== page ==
Know your project
What do you want to do? Who will be involved? How long will it take? How much will it cost? Who will benefit? To what larger field of inquiry does your project belong? (Hint: think beyond your academic discipline.) Getting your ideas straight early will streamline the funding process. Our program development questions may help. Or call us for a conversation. We can help you think about outcomes, budget, and other essentials that will create a more compelling and competitive project.
Foundations are mission-driven organizations that fund programs to further their objectives. Most foundations prefer discrete projects over open-ended operations, endowments, buildings, or equipment. Typically, large foundations seek public impact from their giving. What problem are you helping them solve? What will they be able to say about your work and how it aligns with their mission?
Find a foundation
We’re happy to research funders for your work. Tell us about your project and we’ll produce a short list of the best prospects we can find, with information on programs, past grants, and application strategy. Get started by contacting our office for a conversation or with our online research request form. You can also search on your own, using Foundation Directory Online or Pivot, two databases Duke subscribes to (see Funding Resources for links and directions). The Office of Research Support (ORS) maintains a helpful database of requests for proposals (RFPs). You’ll definitely want to look here if you’re a postdoctoral student or if you’re seeking a fellowship, as our office generally does not work on those projects.
Check for fit
Look for a foundation whose objectives and strategies match your project. Pay special attention to geographical restrictions and types of work supported: research is very different from intervention. Look beyond subject headings. Does the foundation fund projects like yours?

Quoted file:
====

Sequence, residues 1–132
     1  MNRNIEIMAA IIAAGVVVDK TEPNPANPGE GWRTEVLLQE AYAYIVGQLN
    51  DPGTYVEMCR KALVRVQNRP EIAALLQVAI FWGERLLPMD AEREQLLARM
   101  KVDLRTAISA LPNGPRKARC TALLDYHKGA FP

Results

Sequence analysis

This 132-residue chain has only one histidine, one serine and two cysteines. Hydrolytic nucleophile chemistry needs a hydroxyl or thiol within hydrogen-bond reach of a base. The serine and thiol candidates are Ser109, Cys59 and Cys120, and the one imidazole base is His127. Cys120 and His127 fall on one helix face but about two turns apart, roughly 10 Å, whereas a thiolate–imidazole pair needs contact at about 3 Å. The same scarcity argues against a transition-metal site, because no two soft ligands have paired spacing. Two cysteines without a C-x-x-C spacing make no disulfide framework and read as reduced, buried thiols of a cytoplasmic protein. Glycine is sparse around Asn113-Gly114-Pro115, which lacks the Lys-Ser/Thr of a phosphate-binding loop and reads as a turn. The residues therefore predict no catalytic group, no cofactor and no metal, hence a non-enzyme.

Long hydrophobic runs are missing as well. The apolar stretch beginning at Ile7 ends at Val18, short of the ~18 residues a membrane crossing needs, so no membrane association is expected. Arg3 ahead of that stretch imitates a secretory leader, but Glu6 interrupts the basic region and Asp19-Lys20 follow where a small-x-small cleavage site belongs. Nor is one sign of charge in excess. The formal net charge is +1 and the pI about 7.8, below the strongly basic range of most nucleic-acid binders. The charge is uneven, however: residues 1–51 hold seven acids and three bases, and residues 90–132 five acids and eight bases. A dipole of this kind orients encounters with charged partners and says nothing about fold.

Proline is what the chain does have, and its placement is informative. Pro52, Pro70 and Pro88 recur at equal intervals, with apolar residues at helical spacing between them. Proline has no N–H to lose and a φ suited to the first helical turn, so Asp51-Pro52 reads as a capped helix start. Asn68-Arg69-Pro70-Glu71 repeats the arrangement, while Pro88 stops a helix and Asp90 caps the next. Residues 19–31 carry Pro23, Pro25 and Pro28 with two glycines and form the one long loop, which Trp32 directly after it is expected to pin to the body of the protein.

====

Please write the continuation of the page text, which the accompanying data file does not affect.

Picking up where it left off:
Develop your proposal
Our team can help you develop your proposal with helpful edits. We can also advise you on timing and strategy—what to highlight, what to de-emphasize. Sometimes we know how the foundation works and who will be reading your proposal. We may even have past successful proposals on hand.
Compose your application
Don’t underestimate the time you’ll need to collect attachments, get letters, etc. Read and reread the directions. Every foundation is different. If you’re using the same information for multiple applications, customize it for the funder in front of you. If your proposal will be submitted online, check into the online system early. Sometimes crucial application instructions (word limits, attachments) are hidden behind the log-in. We’re happy to help you with this step too, particularly if you need letters of support. Also, see our Grant Writer’s Toolkit for assistance finding commonly used Duke information and attachments.
Take the time to ensure Duke support
Loop in your grants manager and line up your administration behind you. It never hurts to have support higher up, and for some foundations, it’s essential. Remember that this takes time. At a minimum, you must turn in applications to the Office of Research Support five business days before the external deadline. If you’re working with our office, you’ll want to build in time for edits. If you’re submitting by mail, pay attention to postmark versus received deadlines. If you’ll be submitting online, it’s smart to turn your application in early and stay out of the last minute rush.
Drop it in the mail or hit submit. Give yourself and your colleagues a round of applause.
If you get the grant: great! Be sure to let us know. We can help you with follow-up: reporting, stewardship, and next steps in your new foundation relationship. If you don’t, count it as a learning experience, not a defeat, and don’t write that foundation off your list just yet. Most foundations receive far more submissions than they can possibly fund, and many rejected applicants go on to funding success.